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There were a few things I wanted to try on the menu but did not want to waste the food since we did not have the means to reheat it in our hotel room. Around that time I thought of an idea….I could wrap up the leftovers and share them with those not as fortunate to be able to enjoy the creations of this restaurant. So we ordered a full tandoori chicken (you are probably sick of me ordering this, but it is one my wife likes and every restaurant has its own special way to making it, thereby creating different renditions), a variety of naan, some basmati rice, kachumbar (salsa like salad) and shrimp Goan curry along with a Kingfisher and a passable Indian Shiraz.

Tandoori Chicken

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Kheema Naan - Meat stuffed Naan

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Kachumber

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Goan Shrimp Curry

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For dinner, we got some Sitaful kulfi. Of course we did not finish everything, but I did not feel bad since the leftovers went to a great cause.

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Edited by percyn (log)

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Day 12

As you suspect, the morning began with a coconut, latte, cashew muffin and an omelet sandwich. Unfortunately, this time around, a few hours later I was not feeling too well. Either I one of the last meals did not sit well or the over-indulging finally caught up to me. Either way, I will spare you the details and only mention this so that you can understand and forgive me for taking it a bit easy for the next few days.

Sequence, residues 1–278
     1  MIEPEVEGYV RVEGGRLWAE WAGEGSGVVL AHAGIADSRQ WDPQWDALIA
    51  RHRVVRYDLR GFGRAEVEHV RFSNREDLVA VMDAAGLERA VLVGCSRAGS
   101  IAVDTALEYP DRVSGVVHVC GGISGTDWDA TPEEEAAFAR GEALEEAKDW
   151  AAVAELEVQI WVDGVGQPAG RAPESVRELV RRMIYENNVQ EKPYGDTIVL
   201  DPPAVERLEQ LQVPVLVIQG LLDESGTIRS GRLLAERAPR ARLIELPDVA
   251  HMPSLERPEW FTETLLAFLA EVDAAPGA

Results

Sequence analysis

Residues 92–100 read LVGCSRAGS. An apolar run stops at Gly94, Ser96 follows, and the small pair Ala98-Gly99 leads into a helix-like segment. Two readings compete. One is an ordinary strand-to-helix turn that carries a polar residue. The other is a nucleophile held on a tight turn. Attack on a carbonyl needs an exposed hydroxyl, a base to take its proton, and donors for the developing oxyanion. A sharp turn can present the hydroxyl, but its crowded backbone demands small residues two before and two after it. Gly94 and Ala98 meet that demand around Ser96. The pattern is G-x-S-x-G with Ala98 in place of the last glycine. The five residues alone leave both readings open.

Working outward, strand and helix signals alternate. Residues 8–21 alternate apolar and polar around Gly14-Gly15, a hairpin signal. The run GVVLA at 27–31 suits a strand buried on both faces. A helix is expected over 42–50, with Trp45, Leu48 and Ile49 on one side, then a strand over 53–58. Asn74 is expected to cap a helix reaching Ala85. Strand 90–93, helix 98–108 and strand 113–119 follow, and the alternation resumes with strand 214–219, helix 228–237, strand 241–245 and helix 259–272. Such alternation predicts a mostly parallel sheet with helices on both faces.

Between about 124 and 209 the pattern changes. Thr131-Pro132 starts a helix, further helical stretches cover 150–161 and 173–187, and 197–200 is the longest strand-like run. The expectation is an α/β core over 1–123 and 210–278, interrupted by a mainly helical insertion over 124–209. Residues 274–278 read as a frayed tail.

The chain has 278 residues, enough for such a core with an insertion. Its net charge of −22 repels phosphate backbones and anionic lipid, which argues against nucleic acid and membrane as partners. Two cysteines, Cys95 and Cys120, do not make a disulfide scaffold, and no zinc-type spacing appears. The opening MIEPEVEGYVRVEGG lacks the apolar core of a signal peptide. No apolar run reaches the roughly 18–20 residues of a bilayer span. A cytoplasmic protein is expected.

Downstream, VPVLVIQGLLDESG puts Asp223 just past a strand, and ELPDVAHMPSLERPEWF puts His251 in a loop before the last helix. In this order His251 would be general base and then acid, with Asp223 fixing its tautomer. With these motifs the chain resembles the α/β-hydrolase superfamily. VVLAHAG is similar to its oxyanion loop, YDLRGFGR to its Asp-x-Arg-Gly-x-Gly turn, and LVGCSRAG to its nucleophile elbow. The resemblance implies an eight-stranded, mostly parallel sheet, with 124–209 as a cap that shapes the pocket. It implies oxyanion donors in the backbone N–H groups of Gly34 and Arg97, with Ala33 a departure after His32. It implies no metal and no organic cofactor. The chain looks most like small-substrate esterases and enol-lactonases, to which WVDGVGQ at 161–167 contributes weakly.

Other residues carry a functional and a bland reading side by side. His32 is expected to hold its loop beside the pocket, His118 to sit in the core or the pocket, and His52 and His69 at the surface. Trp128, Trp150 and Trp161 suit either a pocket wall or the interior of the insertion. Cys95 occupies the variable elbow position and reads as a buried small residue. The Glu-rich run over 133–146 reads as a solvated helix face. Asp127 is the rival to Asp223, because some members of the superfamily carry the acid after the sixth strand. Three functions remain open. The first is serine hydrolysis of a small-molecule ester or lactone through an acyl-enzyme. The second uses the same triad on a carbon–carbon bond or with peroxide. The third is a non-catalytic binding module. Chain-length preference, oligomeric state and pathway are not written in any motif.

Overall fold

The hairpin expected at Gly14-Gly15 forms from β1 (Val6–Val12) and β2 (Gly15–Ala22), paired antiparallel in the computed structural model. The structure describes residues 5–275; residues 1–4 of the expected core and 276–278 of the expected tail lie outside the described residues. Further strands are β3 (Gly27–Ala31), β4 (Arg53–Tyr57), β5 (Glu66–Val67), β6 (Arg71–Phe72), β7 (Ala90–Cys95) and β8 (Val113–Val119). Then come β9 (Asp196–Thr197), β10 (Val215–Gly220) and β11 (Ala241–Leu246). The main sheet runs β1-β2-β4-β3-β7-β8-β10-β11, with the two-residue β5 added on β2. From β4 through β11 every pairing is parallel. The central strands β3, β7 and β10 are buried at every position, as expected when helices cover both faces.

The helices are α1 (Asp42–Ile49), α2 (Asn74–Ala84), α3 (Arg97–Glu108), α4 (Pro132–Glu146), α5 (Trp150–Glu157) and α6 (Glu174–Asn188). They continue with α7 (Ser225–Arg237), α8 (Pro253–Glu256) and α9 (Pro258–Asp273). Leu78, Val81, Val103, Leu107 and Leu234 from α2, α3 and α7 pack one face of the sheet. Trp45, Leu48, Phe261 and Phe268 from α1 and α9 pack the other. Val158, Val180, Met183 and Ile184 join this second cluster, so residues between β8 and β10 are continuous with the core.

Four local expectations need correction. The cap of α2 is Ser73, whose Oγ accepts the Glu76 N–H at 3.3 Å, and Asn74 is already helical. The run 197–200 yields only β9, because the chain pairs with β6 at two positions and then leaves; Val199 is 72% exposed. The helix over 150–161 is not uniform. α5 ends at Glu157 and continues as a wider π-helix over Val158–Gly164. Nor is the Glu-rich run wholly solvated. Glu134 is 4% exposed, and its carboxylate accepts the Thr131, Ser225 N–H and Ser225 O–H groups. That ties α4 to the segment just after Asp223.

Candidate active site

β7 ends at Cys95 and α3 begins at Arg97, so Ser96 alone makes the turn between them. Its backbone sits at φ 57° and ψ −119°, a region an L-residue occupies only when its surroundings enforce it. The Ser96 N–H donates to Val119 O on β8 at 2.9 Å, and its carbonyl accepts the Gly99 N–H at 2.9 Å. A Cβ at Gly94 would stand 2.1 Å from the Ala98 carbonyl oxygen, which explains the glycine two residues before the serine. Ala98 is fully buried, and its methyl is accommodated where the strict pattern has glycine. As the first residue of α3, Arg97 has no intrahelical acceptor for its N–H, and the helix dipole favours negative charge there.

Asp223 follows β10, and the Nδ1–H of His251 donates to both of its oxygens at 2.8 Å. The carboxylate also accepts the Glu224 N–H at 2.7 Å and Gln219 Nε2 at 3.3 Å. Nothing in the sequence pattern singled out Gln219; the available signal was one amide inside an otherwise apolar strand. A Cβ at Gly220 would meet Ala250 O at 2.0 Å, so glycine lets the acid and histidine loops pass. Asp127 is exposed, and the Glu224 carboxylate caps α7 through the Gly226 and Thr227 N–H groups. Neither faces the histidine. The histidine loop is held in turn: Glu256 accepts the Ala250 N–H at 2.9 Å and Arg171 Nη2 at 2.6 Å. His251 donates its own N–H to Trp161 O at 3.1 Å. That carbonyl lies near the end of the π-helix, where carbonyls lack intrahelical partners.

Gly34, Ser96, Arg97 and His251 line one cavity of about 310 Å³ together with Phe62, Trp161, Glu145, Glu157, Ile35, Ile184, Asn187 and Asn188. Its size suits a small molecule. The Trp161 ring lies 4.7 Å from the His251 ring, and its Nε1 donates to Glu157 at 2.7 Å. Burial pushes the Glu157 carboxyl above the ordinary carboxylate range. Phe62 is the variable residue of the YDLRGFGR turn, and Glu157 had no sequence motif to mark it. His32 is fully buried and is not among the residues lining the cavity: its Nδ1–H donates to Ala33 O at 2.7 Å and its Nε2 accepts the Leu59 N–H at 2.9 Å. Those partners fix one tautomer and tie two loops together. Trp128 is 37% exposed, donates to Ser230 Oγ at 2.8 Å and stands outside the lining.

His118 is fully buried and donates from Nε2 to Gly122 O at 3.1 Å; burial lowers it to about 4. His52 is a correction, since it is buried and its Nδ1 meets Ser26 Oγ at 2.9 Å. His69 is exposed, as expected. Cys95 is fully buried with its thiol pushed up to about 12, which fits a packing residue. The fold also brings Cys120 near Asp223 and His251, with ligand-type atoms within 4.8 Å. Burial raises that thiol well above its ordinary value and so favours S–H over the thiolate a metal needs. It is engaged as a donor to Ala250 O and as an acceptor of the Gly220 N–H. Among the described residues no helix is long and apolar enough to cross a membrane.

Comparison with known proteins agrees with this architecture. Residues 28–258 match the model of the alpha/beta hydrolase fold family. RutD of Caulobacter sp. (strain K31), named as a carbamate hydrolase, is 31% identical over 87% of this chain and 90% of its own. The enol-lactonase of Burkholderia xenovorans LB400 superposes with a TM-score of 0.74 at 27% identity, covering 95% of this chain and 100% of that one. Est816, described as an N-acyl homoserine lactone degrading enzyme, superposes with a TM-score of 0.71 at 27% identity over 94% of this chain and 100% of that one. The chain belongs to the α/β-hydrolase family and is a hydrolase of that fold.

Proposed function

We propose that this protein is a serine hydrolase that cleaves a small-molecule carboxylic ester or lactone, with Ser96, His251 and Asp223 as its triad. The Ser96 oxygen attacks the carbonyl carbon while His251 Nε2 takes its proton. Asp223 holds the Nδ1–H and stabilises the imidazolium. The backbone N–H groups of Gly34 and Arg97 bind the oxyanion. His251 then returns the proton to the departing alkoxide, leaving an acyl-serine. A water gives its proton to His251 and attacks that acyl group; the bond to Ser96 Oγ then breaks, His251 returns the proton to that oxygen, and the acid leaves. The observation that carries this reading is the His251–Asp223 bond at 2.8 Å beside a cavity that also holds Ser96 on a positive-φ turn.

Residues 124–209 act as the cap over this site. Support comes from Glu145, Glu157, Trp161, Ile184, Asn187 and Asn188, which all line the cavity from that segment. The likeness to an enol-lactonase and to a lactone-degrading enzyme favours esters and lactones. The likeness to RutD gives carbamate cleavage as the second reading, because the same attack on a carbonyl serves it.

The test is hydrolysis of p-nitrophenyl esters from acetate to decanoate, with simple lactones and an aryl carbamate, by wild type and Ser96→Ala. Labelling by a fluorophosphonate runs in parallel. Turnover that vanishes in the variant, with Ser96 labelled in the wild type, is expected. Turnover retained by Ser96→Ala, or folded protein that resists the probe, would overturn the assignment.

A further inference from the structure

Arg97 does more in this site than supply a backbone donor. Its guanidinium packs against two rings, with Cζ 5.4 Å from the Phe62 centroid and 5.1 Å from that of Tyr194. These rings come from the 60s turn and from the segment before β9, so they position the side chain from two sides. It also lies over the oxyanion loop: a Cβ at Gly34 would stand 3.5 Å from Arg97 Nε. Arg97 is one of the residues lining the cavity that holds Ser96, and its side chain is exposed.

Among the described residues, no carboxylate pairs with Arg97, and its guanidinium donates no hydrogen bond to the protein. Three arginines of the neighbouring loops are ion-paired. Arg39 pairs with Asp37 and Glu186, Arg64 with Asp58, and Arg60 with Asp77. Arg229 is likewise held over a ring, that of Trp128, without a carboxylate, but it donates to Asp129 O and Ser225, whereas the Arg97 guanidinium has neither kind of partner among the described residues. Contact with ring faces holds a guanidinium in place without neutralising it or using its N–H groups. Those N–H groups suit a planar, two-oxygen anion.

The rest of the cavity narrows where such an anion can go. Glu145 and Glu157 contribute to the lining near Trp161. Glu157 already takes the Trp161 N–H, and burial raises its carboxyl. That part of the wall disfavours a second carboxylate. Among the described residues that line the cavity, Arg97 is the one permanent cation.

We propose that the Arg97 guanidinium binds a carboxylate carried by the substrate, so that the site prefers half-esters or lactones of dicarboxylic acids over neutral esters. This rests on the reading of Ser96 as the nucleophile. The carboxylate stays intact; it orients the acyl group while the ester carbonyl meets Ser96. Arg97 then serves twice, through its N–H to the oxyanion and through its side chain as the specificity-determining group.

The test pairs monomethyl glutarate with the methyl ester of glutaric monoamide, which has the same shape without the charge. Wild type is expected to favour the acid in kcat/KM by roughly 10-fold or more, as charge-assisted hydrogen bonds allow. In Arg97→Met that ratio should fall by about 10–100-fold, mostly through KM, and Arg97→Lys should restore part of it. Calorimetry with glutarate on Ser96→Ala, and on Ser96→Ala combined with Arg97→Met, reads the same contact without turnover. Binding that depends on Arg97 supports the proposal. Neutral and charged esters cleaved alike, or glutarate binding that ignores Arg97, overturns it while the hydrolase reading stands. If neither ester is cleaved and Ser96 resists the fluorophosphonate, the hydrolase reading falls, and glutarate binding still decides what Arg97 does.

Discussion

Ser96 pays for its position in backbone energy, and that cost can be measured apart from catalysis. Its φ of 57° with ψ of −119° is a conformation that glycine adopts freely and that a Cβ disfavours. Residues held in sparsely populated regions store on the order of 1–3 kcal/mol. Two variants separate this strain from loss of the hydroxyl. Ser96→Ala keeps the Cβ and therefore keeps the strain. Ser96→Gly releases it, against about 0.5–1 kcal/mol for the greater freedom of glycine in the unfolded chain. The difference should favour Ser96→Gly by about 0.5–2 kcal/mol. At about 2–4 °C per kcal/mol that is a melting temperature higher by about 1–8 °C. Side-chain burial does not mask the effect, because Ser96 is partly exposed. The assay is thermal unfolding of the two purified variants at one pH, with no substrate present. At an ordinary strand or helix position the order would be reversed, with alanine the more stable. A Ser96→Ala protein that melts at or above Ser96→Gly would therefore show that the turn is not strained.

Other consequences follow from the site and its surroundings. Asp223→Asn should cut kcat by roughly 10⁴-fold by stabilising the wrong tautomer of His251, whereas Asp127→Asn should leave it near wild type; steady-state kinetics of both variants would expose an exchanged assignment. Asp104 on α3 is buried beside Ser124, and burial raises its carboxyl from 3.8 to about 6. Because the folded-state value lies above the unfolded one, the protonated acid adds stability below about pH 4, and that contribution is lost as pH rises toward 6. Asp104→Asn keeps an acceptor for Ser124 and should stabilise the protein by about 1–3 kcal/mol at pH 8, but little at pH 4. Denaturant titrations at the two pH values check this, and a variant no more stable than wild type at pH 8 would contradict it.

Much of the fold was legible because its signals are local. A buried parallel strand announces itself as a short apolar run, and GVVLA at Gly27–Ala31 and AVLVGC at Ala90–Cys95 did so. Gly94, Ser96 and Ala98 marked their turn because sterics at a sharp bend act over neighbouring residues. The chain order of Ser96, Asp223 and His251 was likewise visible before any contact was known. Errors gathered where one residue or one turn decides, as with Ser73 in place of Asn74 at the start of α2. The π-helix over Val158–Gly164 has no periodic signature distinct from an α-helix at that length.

During the day of the Navjote reception, there are a lot of fresh flowers used to decorate the cars, tables, stage, etc.

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Unfortunately, the timing of the sickness could not have been worse, as it was the day of the navjote reception, who’s food I was looking forward to. Thus even though I only nibbled at it, I did want to share what these delights were:

Sarya – A white, crispy tapioca based fried cracker (similar to the shrimp crackers, but without the shrimp flavor), typically enjoyed with a sweet jaggery, mango and carrot pickle.

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Paneer – A fresh cheese, similar to a savory (slightly salty) mozzarella.

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Patra ni Machi – Pomfret tail, topped with coriander (cilantro) and mint chutney, wrapped in banana leaf and steamed. While the tail is the most preferred part, the hard core traditionalist opt for the head.

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Masala Chicken

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Kid nu Gohst – Baby goat in a cashew based sauce